Here are my own impressions, after additional weeks of exposure to the IP-700m:

"Until now, I always used a headset for making and taking Skype calls. What bothered me about this was constantly schlepping a bulky headset back and forth between home and office. A headset is practical because it lets you talk and type at the same time. But what I always find vexing about the experience is that my ears tingle after a long phone session. Also those darned ear-muffs are an eyesore.

On trips, my bulky headset stays home as a rule. On the road, I used a wired mini-headset instead, much like those for a mobile phone: a button in the ear and a microphone on a boom, in other words. This sort of thing fits the smallest of pockets and weighs next to nothing.

With the IP-700m what impressed me most was its voice quality, along with the simple installation. It's easy and intuitive to use, perfectly suited for non-techies.

In addition, I can now run the built-in speakers in my notebook again. With the headset, I had to run all audio through its two miniscule speakers on a more or less permanent basis.

As far as the quality of the housing for the phone goes, I'd wish for a slightly heftier device and a matt finish for the display screen. This would add visual appeal to the device. In my opinion, the cable is sufficiently long to be workable. Of course, a cordless handset with a base station/handset cradle would be better still. But there is something that really bothers me: The IP-700m is always laying around somewhere on my desk: I really would have appreciated a small collapsible cradle so as to have someplace to put it when it's not in use.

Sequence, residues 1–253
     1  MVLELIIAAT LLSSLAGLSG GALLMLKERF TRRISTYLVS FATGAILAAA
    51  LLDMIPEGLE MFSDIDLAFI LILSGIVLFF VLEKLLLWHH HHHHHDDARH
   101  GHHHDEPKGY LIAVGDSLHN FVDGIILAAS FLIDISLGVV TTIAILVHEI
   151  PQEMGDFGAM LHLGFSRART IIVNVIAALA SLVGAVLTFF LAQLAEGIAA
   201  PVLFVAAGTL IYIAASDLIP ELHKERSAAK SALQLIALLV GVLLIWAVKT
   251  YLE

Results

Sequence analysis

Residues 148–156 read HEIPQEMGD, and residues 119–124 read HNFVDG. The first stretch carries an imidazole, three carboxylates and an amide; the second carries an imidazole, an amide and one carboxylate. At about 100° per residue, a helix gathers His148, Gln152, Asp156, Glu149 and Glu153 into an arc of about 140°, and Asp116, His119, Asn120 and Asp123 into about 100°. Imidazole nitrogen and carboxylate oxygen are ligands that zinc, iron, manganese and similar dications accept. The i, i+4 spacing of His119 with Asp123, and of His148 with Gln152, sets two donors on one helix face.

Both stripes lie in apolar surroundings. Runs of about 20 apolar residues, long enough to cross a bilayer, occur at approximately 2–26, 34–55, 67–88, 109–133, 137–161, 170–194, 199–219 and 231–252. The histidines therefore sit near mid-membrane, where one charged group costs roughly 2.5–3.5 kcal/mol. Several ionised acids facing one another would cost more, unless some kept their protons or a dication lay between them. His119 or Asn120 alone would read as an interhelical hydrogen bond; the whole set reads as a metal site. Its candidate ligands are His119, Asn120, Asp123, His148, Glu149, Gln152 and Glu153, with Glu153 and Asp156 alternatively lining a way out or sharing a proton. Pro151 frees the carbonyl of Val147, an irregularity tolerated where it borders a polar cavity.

Weighing the devices advantages against its disadvantages, I find the IP-700m to be a tool that makes using Skype phone services more comfortable and intuitive than with a headset. In addition, the unit delivers good voice quality. When traveling, its light weight and small size make it preferable to my old headset."

Summary And Conclusions

End-user devices like the IP-700m USB World Phone from IPFones makes telephoning with Skype more intuitive. Given its easy installation and voice quality, the IP-700m USB World Phone can be very convincing. As far as look and feel issues go for the unit, our tester's opinions were somewhat at odds. But $80 (40 Euros) is a suitable price for a product that works flawlessly with Skype and that makes IP telephony incredibly simple.

IPFones also offers volume discounts on the IP-700m for immediate purchase. Prices for 10 units are as low as $60/30€, and two units cost as little as $140/70€.